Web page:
Some farmers are pleased with harvest given the challenges of 2019
By Diego Flammini
American farmers continue to make their way through the 2019 harvest.
Growers have harvested 75 percent of the U.S. corn crop and 87 percent of the soybean crop, the USDA’s Nov. 5 Weekly Weather and Crop Bulletin says. Both those figures are slightly below last year’s progress.
Given the challenges farmers faced during the 2019 season, some producers are pleased with their crops.
“Harvest has gone better than we were expecting,” Phil Ramsey, a cash crop producer from Shelbyville, Ind., told Farms.com. “We’ve got our soybeans done and will finish corn in the next four or five days. Yields were better than we were anticipating but nowhere near where they needed to be for us to be profitable.”
One hurdle some U.S. farmers are navigating this fall is a propane shortage.
Governors from eight states signed a regional emergency declaration to ease regulations on propane transportation.
But Ramsey decided years ago to make a significant investment so he wouldn’t be caught in a position where he couldn’t dry his grain.
“The last time we had (a propane shortage) happen, about five years ago, I paid to have a natural gas line run to the dryer so I wouldn’t have the same problem” again, he said. “The natural gas hasn’t been as quick a payback as I thought it was going to be, but it’s definitely been worth the investment since I’m not in a position where I can’t dry my grain.”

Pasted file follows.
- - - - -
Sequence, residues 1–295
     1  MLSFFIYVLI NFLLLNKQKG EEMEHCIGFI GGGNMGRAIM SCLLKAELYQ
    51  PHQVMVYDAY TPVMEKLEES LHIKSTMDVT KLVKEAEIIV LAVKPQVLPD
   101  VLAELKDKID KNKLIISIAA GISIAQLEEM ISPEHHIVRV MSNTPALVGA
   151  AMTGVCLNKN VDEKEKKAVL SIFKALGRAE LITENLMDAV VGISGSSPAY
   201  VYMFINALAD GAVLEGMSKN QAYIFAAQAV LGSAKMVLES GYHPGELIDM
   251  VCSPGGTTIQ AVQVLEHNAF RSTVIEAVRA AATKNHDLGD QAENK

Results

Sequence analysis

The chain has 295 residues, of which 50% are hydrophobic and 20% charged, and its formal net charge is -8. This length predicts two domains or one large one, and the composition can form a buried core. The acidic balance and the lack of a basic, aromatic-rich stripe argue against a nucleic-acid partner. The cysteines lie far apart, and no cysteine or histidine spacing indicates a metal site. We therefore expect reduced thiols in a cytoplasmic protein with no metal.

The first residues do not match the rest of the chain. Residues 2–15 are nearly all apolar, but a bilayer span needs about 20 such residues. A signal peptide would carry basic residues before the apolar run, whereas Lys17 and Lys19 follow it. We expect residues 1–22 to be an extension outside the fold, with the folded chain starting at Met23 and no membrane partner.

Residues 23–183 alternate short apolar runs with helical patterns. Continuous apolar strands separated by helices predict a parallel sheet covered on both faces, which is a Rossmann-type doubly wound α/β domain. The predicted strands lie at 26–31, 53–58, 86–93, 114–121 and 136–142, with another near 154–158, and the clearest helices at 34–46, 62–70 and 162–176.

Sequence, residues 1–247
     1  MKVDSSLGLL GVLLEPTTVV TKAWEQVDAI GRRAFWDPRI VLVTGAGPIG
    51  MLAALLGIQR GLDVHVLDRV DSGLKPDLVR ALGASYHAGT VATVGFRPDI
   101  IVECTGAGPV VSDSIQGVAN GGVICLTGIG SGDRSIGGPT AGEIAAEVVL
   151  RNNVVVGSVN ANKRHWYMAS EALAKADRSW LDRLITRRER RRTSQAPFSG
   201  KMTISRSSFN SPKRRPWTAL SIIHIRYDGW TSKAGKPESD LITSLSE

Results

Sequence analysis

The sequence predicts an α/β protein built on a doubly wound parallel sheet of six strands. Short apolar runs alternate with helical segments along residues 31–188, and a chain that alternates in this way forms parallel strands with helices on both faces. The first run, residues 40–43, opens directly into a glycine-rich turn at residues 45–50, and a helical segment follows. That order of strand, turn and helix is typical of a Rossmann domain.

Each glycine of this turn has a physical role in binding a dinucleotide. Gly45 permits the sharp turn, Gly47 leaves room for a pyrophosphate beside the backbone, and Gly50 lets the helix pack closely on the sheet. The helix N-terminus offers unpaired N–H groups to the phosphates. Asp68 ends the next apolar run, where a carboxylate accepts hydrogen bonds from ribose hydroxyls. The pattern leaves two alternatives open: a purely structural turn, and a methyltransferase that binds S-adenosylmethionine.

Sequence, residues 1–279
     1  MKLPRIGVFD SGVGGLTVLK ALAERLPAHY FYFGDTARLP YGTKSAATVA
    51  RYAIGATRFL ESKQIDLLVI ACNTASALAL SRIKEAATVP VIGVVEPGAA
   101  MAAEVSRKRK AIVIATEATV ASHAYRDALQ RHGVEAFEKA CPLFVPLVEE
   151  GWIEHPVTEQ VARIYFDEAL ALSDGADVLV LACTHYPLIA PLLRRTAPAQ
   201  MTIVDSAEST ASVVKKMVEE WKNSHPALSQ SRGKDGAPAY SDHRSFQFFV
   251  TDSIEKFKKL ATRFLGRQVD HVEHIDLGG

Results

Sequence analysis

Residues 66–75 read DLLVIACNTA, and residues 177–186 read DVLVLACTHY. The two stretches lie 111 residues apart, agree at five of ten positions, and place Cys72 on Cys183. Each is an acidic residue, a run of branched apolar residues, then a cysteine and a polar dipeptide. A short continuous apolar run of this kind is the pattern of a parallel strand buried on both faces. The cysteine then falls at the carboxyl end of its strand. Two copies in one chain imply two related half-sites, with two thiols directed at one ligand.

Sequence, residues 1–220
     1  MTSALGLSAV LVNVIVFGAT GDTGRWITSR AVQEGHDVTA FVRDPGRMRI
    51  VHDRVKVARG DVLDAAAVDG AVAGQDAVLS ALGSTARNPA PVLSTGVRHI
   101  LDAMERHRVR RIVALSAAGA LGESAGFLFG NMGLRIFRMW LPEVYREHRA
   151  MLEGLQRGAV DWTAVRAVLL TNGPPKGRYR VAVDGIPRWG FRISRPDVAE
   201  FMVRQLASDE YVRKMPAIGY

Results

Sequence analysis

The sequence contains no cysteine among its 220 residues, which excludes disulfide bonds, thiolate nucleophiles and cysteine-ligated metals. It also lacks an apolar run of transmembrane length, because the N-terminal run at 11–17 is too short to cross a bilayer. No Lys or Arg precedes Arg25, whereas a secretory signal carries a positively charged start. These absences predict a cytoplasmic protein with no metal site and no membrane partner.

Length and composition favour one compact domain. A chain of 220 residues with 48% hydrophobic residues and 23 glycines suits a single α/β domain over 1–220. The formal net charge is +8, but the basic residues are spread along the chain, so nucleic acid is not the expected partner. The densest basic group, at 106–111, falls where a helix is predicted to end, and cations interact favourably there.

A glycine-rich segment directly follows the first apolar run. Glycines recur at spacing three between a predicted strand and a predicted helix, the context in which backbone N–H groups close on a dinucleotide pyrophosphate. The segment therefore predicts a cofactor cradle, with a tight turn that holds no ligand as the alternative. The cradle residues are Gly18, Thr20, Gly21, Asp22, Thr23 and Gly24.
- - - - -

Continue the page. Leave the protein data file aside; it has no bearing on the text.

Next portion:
Other producers, however, view the harvest differently.
Mother Nature’s cooperation for a good portion of the harvest might be the only positive to take away from this season, said Ryan Rhoades, a grain grower from Prospect, Ohio, who finished his harvest last week.
“We had phenomenal September and October weather that really paid dividends. I would give that an A grade,” he told Farms.com. “The crop, on the other hand, was horrible. I would put this as some of the worse crops in the nation. I’d give the whole harvest a D.”
Reflecting on the 2019 season, Rhoades remembered a saying his grandfather shared.
“A drought will starve you, but a flood will kill you,” he said. “That’s absolutely true. We just had too much water and it seriously wrecks your world.”